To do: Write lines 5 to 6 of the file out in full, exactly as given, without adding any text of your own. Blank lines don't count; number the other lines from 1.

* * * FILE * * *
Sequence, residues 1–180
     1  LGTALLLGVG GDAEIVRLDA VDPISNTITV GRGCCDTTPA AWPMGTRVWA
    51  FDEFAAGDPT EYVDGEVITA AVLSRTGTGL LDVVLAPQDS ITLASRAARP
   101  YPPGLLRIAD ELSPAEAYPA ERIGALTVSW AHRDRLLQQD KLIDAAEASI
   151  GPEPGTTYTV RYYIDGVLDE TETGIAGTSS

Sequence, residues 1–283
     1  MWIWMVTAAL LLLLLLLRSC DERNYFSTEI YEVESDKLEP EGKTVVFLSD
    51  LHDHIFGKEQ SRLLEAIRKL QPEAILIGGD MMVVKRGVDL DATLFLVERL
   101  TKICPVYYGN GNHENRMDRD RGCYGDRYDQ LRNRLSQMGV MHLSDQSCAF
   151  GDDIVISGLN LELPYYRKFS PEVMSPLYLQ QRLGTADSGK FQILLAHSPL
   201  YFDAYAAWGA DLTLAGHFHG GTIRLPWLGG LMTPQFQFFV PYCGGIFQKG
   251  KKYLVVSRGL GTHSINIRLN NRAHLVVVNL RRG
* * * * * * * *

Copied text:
   151  GPEPGTTYTV RYYIDGVLDE TETGIAGTSS

Sequence, residues 1–283